In multiple leads as the name implies, more than one key point is emphasized in this type of lead. This lead addresses more than one issue. For instance: Two people died at the New York junction when the accident occurred and this has made the government fix security cameras to arrest those who do not obey the traffic. There is a summarization of multiple incidences relating to how two people died at the New York junction and as a result, the deployment of measures by the government to arrest whoever goes contrary to the rules of the traffic lights.
Summary means to reduce information to a suitable length. A simple sentence to answer the five W’s question. It is not a must that the lead should contain all five W’s. In the summary lead, it contains more of the five W’s, sometimes it tries to answer all. For example, A motorcycle hit a student crossing the road in Atlanta in the evening. In this example, you get to know that the story answers four of the W’s only instead of the five W’s and H.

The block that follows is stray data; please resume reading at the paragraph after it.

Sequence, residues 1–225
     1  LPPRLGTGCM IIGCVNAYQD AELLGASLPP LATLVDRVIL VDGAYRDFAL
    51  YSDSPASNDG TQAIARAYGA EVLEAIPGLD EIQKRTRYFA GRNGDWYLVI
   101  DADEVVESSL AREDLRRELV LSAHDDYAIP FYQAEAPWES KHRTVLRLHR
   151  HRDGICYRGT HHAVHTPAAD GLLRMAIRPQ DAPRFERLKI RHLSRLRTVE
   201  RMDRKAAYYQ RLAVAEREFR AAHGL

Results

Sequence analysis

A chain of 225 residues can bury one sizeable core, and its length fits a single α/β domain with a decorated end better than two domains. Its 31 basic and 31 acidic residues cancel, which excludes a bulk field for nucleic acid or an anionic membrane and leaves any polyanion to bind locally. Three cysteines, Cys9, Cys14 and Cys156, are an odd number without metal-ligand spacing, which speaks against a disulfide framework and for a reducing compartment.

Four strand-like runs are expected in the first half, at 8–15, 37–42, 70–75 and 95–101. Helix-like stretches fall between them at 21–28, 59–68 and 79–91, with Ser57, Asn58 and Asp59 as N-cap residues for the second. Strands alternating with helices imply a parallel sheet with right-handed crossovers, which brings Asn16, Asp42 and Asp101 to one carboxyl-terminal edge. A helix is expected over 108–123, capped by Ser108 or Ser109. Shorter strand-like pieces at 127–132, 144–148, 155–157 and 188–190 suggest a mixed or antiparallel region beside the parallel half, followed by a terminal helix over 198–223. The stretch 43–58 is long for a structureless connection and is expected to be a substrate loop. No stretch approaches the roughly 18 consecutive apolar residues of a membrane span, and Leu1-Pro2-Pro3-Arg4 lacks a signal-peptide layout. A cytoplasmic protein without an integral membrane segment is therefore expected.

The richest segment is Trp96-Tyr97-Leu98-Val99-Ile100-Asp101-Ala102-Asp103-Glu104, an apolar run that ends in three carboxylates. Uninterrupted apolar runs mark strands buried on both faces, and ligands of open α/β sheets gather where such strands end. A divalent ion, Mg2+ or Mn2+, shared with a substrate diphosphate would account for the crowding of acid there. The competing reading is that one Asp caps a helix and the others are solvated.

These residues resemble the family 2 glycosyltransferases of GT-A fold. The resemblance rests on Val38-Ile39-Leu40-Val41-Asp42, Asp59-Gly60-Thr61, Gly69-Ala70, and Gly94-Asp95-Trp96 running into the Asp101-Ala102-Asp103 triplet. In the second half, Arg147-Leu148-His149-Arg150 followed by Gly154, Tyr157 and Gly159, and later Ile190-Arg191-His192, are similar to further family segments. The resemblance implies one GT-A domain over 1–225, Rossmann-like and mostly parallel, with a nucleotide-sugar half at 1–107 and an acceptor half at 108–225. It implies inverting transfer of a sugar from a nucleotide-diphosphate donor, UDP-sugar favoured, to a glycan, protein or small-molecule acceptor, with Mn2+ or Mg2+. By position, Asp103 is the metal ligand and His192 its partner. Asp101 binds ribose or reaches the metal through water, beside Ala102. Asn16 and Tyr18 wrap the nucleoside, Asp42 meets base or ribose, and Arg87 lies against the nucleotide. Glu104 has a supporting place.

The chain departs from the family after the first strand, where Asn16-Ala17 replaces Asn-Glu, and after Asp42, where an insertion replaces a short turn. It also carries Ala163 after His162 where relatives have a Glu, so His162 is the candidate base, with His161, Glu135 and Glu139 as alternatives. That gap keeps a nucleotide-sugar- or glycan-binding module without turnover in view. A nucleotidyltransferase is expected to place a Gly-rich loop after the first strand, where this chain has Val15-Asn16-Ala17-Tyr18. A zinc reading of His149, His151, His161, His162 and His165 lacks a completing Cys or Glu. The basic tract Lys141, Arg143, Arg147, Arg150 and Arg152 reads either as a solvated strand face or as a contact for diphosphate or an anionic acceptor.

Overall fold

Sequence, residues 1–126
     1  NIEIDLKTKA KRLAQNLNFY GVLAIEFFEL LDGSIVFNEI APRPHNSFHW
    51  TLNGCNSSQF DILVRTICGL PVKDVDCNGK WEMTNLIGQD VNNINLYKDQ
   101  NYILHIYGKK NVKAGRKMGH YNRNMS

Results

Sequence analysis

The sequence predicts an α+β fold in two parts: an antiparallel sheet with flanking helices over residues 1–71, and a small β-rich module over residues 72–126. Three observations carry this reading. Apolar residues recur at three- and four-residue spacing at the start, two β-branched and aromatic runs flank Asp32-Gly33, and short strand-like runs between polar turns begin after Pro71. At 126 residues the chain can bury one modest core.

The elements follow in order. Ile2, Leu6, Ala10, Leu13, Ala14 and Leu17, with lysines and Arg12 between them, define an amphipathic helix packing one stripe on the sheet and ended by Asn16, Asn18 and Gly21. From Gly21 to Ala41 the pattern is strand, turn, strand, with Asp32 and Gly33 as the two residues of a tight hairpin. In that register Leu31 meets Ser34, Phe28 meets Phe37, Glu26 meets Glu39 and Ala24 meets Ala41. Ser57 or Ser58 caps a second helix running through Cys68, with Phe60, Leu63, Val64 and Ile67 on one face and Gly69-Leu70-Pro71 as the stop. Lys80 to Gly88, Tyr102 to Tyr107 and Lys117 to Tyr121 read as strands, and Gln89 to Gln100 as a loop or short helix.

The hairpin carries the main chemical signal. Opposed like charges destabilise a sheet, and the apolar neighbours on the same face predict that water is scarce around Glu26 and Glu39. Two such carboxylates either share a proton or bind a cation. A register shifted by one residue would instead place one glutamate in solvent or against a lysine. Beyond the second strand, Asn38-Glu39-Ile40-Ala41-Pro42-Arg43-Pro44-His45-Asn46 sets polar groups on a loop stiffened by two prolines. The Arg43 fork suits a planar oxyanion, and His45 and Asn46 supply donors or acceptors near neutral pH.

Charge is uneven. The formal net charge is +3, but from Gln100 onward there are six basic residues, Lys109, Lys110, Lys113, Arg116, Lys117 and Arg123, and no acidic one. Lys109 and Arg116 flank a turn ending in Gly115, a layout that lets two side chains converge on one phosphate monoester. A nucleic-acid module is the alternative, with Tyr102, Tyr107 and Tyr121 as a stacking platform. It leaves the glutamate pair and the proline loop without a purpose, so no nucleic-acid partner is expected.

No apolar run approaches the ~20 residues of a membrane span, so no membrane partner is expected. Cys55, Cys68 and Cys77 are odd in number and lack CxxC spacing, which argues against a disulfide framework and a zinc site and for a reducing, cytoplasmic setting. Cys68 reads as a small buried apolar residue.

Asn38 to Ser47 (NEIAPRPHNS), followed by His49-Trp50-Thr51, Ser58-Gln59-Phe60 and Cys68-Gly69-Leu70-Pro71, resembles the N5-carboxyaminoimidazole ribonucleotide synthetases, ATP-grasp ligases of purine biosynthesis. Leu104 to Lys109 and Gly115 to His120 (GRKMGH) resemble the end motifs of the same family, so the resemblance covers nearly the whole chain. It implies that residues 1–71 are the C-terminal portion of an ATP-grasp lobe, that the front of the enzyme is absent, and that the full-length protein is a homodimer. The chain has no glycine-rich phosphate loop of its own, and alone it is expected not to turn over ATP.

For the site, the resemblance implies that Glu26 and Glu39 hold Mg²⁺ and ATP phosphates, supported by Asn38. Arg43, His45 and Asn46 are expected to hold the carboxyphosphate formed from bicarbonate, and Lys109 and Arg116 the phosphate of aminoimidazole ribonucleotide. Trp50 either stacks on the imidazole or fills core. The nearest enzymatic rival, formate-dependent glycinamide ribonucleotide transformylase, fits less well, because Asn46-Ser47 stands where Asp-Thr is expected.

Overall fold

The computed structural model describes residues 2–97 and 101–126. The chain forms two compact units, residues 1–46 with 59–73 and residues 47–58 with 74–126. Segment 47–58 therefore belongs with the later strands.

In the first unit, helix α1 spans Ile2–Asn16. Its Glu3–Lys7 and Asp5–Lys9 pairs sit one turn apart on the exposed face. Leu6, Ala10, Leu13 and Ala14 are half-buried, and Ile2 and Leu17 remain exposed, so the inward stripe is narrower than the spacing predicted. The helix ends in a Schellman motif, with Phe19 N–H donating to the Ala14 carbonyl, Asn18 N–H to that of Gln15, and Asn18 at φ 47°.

This is a lead whose follow-up is different from what the lead is about. It sometimes confuses readers therefore journalists are advised not to write this type of lead. It makes readers not interested in your story anymore because you try to deceive them as a sort. Example: Three of the students have been disqualified from the vetting. The people of Washington D.C are celebrating their festival and more students are involved in the celebration. In this lead, one can notice that the follow-up is different from the lead.
This type of lead often updates news stories by adding more information to the previous ones. Think of your class prefect, telling you about the end-of-semester exams and later updating you about the rules governing it.